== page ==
Category Archives: not Thai

About Painters

It doesn’t but I do. About painters, at least young ones that I knew when I was young, or at least younger.

Frequently I have had people from other media wonder/ask how the uncertainty of firing could be dealt with. I always found this question baffling. I could not always put it into words.Ceramics is no different in this way than any other medium.

Uncertainty can be excitement. You can have certainty if that is what you want, or at least close in onit. Test and measure until you are certain. Its not what I want from clay, but someone can want it. Somep[eople think that they have it. They  have more of it then I do, maybe, probably not. Life is uncertain, you are always balancing variables in everything, is the pan hot enough for the eggs not to stick or is the butter going to burn? You think that you know how the details will be seen. You think you understand your motivation. You think a lot of things and they are not always right, rarely if ever really. They are never complete. You cannot know the whole story. Stories are always too complex.

All of this, “I know what I am going to paint” nonsense, is prefaced on the idea that painters can visualize, fully comprehend, fully plan, fully understand, what their work will look like, how it will impact people, themselves, how it will stand. They work in a similar manner, and really have no idea until it is finished. They too have surprise. The too are orchestrating process. The finished content is not controlled, and never fully revealed. The work will be different through the lense of a weeks time, and a year, or however long.

Really though, the work is not finished until we are gone, and well after that. When someone uses your coffee cup or mug, or looks at your work anew, each time the work changes. It is not some fixed static entity when it comes from the kiln. I have a cup from a friend Wally. I bought it at t thrift store. I remember when people made handles like the one he put on it. Its ridiculous in many ways, but it shows time, it shows where it was made. It also has a handle that is hollow and since it is dishwashed the handle fills up with water. Could he have imagined how I feel about it weeping on papers after filling it with coffee?

The classic example of this post firing manipulation of work is Old Japanese Teabowls, with records kept of who drank what and when, with stains, cracks, repairs, Kintsugi, thoughts, writings poetry. But it really is not different for any other object. Price is part of the work, What Rick Newby thinks about it becomes part of it, who bought it, what gallery, a thrift store? The teabowl, The Kizaemon, the teabowl that is supposed to express it all was made by a peasant potter in Korea then taken to Japan.  It is rarely displayed.  How could the maker know?  It is a plain bowl for rice, disposable. Its worth was in its being collected, appreciated and held.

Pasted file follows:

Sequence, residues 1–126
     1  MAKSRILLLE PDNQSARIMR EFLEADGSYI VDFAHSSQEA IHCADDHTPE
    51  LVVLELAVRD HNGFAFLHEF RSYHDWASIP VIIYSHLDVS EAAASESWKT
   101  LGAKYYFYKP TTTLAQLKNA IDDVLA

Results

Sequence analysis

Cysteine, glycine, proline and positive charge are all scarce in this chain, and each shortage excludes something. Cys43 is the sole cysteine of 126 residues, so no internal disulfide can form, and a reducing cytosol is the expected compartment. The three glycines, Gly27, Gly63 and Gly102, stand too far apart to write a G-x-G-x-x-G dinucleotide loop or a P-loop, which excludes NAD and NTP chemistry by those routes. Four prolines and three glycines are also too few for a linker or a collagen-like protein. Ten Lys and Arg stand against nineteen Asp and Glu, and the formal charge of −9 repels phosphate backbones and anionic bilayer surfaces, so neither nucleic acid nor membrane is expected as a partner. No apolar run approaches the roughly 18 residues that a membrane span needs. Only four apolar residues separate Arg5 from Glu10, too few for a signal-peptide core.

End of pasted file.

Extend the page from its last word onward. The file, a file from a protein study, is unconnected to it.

There is nothing that does not add to the work, even if it seems to detract. I am not sure it is over if it is buried. Although if its been subducted, melted in the middle of the earth and extruded as new igneous material the relationship is getting a bit thin,, Perhaps a trace of carbon will remain firmly placing it in time by C14 dating or some other scientific alchemy.

people should read this:
https://artevident.files.wordpress.com/2014/01/louise-cort-1992-teabowl.pdf

 

Thrift Store Pots

I arrived in Helena with Gail and the boys. If I remember correctly Benny was an infant. I was supposed to be on a quick run to the Rock Hand Hardware Store but guiltily I stopped at a thrift store on the way. I did a quick run through the hardware area. I never buy clothes, well, hardly ever. I walked down one of the isles with pots and turned them over to see if any were made with clay bodies (compositions) from before the 70’s. One ugly little cup with a funky dead form, coil handle, poorly turned footring and bubbled glaze, that was rubbed down with a brick to break the bubbles, was old stoneware. It did not have the typical APGreen brand fireclay look. It was ugly so I set it down.

By the time I got to the end of the isle I was thinking again of the ugly pot. “Whose signature was that?” I went back and turned it over again. Clearly it was signed, “Voulkos” (right).
IMGP5147RosieVolkoussm
Peter Voulkos is one of the best known clayers of the 20th century. He made delightful functional pots until he began making abstract sculpture. He began studying pottery at Montana State University in Bozeman under Francis Senska and was a resident artist at the Archie Bray Brickyard. After Berard Leach, Shoji Hamada and Soetsu Yanagi lectured and demonstrated at the Bray (not sure of this it could have been before) the resident artists at the Bray were asked to make “Bray Standard Ware” (I need a source for this). One of the items was a small cup with a little coil handle just like this one. Voulkos, I think, resented having to make these, but made them. In defiance, (again conjecture) he signed his cups.

(Yanagi, Leach, Rudy Autio, Voulkos, Hamada, at the Bray Pottery)

Cup in hand, poker-faced, I paid my 25 cents and left with my cup.

A few months later at the same store I bought a cup by Rosie Wynkoop (left) who had been one of my students in the community classes at the Bray.  It cost a dollar. I think she made it while she was one of my students.

In graduate school one of the off syllabus things we learned was that garage sale and thrift store shopping was a competitive sport. The price tags were left on the pots. One friend was so well known at one thrift store that she received phone calls on the store phone.

On occassion, I invite my students over to my house to view pots. One time while talking about these two drinking vessels a student asked, “Wouldn’t Rosie be upset to find out that her work only cost a dollar?” I answered, “No! She is getting four times the price of Voulkos!”